The original architectural drawings for the proposed campuses of Duke University are true works of art, grand in scale and exquisite in detail. As was common they are unsigned with the only credit being in the name of the Philadelphia firm of Horace Trumbauer, Architect. The chief designer of the firm and draftsman, Julian F. Abele, in discussing the unique style of the drawings, once proudly proclaimed, “The shadows are all mine.” With that statement Abele unknowingly articulated a central fact of his life. As an African American, he lived in the shadows as time and circumstance conspired to conceal his considerable professional talent.
At Duke, students discovered Julian Abele in April 1986. That spring students protesting for Duke’s divestment in South Africa built a shanty town in the main quad. A letter writer to the Chronicle complained that the ugliness of the crude shelters “violates our rights as students to a beautiful campus.” In response, Susan Cook, declared that since the architect of the campus was an African American, he would not have objected to the shanty protest because he was a victim of apartheid in his own country and indeed he had not even traveled to view the campus he designed because of his revulsion of segregation then so prevalent in the South1. Cook, a graduating senior, had a special interest in the issue. She also revealed that she was the great grandniece of Julian Abele. Her letter caused considerable discussion on campus. The following Spring Duke’s Black Graduate and Professional Student Association initiated the annual Julian Abele Awards and Recognition Banquet, unveiling as part of the program, a commissioned portrait of Abele. President Brodie assisted with fund raising and agreed to the hanging of the portrait, the first of a black at Duke, in the foyer of Allen Building.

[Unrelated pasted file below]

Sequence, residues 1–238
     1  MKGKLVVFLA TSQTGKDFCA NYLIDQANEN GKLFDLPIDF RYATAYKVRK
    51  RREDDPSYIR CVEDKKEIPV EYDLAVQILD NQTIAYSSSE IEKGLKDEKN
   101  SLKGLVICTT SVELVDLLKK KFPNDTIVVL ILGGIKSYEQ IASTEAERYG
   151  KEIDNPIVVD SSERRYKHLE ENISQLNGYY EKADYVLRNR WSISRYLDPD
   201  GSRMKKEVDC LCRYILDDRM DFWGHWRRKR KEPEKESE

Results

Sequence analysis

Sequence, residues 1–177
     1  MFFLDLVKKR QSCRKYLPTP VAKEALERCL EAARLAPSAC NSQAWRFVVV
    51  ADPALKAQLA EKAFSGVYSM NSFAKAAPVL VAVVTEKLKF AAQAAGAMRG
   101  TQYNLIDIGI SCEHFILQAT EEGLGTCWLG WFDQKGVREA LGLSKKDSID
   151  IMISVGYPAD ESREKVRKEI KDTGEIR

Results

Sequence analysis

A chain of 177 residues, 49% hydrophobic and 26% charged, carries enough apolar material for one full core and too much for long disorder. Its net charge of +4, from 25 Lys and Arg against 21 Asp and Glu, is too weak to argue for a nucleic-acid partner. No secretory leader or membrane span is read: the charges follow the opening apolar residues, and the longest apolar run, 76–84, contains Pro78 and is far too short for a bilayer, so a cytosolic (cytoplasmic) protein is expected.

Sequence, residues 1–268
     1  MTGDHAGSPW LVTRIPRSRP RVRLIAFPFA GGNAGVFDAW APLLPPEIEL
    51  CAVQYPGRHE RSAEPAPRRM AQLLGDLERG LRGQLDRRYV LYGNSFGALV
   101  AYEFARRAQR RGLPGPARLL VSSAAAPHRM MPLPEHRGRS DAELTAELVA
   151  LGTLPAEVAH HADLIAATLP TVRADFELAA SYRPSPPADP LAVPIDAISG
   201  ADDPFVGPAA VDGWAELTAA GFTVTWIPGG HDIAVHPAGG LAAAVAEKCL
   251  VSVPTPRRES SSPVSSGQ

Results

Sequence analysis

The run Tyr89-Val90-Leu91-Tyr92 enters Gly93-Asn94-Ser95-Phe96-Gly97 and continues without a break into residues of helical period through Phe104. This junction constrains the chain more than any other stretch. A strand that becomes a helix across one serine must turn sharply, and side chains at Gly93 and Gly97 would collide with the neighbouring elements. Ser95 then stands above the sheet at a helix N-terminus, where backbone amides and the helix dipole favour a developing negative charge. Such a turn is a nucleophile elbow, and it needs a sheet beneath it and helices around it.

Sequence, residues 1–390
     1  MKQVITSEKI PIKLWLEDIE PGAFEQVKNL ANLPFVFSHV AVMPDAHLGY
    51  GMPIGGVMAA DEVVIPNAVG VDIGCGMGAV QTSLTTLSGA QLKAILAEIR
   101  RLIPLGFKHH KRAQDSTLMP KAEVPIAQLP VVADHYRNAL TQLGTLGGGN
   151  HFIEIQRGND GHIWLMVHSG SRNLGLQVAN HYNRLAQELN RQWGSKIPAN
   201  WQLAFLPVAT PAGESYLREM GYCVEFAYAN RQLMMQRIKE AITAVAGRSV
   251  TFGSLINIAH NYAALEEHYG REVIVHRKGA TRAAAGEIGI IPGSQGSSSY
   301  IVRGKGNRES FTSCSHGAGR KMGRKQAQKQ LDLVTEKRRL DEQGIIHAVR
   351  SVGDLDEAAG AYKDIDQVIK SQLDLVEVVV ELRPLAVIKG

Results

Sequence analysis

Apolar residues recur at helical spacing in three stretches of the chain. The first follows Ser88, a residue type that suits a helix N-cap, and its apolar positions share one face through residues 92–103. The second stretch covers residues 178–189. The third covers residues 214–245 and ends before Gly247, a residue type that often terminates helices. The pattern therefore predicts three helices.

The student reaction in 1986-87 was in fact a “rediscovery” of Abele. His role had always been known by administrators and careful observers of the university’s history. During the design and construction of the institution, Duke administrators constantly visited the office of the architectural firm in Philadelphia. When Professor William Blackburn published a book on the architecture of the university in 1939, he acknowledged that Vice President Robert Lee Flowers arranged for him to interview Abele in his research. One of Julian F. Abele Jr.’s proud possessions is an inscribed presentation copy of Blackburn’s book given to his father whose assistance is acknowledged in the preface.
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